Uncertainties surround Soldotna’s home rule vote

  • Thursday, January 29, 2015 10:40pm
  • News

On Tuesday, February 3, the city of Soldotna will hold a special election that could have a major impact on the city. But whether residents know what they are voting on, or are even aware of an election remains to be seen. Soldotna City Council members discussed voter education on Wednesday.

On Tuesday’s ballot, the question posed will read:

“Shall a charter commission be elected to prepare a proposed charter?”

If approved, members of the commission would also be elected.

A charter commission is a group of seven elected officials given the task of writing an official list of powers and duties of the city. If a charter commission is elected, they will then have one year to draw up the charter, and the public will then vote on it. If the voters reject the charter, Soldotna will remain a first class city, and many of the city’s powers will be determined by the borough or state. Should the charter pass, Soldotna would become home rule, giving the city more autonomy.

“(Home rule) just means that the city council and people who live in the city can make decisions that affect the city,” said council member Linda Murphy. “Those decisions will not be made by people living outside of the city limits. We get to choose our own destiny. That is what happens when you’re home rule.”

On Tuesday, the public will not be voting on whether Soldotna will be a home rule city; rather, whether a committee should form to make up a potential charter that would later be voted on.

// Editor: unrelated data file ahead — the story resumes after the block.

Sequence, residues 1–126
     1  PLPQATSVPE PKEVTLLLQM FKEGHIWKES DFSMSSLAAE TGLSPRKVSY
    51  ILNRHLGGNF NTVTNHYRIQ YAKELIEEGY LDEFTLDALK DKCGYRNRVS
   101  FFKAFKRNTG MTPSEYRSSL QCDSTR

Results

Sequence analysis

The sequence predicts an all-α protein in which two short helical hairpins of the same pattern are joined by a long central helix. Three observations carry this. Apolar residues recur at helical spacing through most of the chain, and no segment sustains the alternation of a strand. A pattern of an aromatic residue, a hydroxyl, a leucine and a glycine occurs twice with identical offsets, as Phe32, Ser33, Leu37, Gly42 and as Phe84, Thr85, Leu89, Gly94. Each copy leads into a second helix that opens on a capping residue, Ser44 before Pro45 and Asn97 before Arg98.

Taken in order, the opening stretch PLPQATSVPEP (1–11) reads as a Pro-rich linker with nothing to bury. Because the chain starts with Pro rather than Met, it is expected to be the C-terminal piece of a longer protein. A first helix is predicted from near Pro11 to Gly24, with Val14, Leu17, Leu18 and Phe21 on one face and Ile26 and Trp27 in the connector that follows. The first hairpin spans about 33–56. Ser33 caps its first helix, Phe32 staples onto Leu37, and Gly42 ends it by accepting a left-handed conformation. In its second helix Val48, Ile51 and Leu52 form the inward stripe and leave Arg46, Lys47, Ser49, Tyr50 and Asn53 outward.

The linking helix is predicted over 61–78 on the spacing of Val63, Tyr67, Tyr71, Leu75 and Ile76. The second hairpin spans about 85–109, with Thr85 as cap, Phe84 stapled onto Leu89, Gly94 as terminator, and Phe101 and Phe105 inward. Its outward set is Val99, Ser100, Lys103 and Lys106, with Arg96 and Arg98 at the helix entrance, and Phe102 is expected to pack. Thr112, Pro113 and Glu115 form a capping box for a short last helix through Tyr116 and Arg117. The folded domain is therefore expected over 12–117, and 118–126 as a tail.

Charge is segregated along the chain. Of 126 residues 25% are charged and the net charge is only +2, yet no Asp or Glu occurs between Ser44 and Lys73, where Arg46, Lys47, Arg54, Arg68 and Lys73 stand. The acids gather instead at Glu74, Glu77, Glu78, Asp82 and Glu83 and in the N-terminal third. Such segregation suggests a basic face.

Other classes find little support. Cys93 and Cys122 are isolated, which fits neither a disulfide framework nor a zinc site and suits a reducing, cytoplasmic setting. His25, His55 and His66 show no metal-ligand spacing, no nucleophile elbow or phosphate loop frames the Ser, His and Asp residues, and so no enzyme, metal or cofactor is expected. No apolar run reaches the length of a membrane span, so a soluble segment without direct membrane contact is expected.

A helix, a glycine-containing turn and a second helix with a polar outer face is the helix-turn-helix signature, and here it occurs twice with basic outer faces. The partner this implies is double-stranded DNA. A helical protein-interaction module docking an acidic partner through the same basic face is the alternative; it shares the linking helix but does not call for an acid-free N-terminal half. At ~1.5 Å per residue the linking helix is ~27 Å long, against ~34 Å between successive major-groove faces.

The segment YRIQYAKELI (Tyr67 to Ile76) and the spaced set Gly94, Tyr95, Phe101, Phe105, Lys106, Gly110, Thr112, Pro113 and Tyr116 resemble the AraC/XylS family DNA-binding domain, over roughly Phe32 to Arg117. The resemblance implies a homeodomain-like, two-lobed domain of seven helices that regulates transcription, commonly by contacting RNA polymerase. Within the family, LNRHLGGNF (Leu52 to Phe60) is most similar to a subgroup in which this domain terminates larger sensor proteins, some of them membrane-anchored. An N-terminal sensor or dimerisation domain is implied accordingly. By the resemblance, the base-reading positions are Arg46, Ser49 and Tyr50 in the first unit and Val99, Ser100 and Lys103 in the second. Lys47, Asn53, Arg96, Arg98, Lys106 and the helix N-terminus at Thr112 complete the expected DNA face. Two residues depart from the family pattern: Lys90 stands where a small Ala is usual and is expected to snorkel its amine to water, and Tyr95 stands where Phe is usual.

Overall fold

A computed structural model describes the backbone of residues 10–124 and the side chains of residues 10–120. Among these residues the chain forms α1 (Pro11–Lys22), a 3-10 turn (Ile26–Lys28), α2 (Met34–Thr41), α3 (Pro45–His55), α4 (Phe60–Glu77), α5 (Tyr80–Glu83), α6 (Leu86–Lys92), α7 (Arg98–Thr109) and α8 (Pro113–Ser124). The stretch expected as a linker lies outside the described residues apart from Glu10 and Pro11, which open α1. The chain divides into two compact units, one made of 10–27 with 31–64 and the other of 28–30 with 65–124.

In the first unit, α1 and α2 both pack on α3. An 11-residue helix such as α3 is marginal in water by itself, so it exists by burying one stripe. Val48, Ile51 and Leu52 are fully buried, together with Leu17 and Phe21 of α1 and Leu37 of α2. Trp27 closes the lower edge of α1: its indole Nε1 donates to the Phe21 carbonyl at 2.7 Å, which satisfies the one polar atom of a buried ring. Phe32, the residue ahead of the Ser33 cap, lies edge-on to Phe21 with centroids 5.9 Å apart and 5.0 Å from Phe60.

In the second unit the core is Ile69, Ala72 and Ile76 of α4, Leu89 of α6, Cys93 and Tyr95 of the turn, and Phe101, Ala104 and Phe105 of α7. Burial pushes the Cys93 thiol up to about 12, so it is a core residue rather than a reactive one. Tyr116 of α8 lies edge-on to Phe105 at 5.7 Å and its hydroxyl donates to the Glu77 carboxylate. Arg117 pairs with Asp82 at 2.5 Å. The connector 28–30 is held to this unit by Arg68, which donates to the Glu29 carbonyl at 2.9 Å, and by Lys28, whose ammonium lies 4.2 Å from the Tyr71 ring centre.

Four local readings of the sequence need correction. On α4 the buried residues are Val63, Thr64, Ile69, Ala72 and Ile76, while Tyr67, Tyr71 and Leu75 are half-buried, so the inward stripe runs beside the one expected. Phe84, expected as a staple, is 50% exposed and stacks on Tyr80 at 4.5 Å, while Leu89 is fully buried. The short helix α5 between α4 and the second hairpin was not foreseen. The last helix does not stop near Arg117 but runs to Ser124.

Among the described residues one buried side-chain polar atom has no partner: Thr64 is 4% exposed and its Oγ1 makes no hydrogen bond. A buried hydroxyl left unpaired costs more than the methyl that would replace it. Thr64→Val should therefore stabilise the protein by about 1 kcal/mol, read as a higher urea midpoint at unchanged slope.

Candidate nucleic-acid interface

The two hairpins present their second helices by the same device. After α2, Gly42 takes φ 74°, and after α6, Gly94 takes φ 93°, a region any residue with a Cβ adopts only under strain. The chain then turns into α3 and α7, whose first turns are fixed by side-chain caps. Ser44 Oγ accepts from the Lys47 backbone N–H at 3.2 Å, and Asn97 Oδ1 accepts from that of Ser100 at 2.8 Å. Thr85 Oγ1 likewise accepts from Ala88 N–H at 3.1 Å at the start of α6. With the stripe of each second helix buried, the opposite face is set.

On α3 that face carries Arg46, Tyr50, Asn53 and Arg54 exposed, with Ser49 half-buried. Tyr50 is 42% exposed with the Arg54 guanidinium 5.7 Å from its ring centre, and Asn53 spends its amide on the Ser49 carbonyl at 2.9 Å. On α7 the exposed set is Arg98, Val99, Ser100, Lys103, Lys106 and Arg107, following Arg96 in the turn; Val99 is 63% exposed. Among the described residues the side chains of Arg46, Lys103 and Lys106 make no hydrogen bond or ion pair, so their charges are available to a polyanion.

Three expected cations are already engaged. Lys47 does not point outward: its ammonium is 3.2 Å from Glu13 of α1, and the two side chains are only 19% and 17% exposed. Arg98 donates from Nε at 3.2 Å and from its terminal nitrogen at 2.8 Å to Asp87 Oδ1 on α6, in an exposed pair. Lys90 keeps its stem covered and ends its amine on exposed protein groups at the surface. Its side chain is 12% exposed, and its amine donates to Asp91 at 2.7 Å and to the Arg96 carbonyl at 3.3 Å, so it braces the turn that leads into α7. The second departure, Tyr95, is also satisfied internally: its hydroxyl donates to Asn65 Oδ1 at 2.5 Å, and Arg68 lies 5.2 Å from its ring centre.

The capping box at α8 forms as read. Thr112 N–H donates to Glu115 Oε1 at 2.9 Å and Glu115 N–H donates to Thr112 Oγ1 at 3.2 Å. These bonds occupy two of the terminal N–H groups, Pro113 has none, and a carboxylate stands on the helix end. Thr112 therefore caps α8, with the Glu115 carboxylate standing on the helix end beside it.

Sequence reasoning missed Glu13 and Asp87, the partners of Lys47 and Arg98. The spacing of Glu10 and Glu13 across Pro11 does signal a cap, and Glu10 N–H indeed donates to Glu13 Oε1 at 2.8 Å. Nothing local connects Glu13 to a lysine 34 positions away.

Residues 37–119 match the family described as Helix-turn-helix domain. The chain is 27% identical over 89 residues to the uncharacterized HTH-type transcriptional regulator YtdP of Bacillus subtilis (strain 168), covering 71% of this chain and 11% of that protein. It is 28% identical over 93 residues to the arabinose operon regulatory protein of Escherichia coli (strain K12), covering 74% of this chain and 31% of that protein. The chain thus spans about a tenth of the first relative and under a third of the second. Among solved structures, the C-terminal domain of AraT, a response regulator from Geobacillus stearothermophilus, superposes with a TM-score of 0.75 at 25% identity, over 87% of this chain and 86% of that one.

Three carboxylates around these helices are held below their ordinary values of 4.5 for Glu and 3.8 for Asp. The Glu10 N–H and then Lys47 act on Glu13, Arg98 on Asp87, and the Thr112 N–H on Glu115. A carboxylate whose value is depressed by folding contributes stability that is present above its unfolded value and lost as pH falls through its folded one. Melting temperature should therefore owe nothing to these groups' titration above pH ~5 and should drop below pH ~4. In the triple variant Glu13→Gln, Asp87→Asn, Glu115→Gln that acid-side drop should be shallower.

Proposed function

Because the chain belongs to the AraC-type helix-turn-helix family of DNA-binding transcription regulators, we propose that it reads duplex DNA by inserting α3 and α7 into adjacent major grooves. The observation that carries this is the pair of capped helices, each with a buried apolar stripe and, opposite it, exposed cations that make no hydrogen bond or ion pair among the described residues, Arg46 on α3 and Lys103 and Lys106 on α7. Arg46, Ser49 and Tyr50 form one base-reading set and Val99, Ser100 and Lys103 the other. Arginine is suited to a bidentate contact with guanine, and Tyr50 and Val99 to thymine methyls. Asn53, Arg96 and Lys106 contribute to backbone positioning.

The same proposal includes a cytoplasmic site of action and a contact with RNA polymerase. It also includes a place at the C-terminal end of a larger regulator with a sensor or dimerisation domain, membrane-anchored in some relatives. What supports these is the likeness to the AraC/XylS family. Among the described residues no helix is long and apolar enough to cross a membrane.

Despite the importance of the election, some Soldotna citizens fear that the city’s population is insufficiently educated about what is being voted on. At the city council meeting on Wednesday, some, including Fred Sturman, were critical of how the city has prepared for the election.

“I think the city has done a pretty poor job of advertising,” Sturman said. “I’ve probably talked to at least 250 people, and I bet you 30 people know we’re going to have an election on the Feb. 3. That’s pretty poor.”

City council member Keith Baxter said he hopes 1,000 people will turn out on election day. He said the city council appropriated $5,000 to educate the public, which was used for advertisements on the radio and in newspapers.

Sturman said the money used to notify the public about the election wasn’t used efficiently.

“(The city of Soldotna) has had four months or five months and have spent $5,000 at least or more for what’s supposed to be education, and nobody knows nothing about it,” Sturman said.

Speaking to the city council, peninsula resident Daniel Lynch said he was upset that more advertisement wasn’t done months prior to the upcoming election.

City council member Linda Murphy agreed that not enough was done to educate the public.

She said most people are aware of general elections, but when it comes to a special election in winter, the city council could have done more.

“Maybe we should have gone a step further,” Murphy said. “We did everything we were required to do and a little more – we appropriated money to have some additional ads in the paper and radio spots – but people aren’t expecting an election in February.”

Murphy said that in hindsight, the city council should have spent money sending out mailers informing the public.

“It would have cost a little money, but I think that’s the price of democracy,” Murphy said.

City council member Meggean Bos said that the city should look into using new forms of media to educate the public. She said that she felt the information about what exactly is being voted on is not cut and dry.

“I feel like we, as a city, need to get with the times for people who use technology,” Bos said.

Council member Regina Daniels disagreed that the city hasn’t done enough.

“It’s hard to engage people in this community to really pay attention and I think we’ve put information out there,” Daniels said.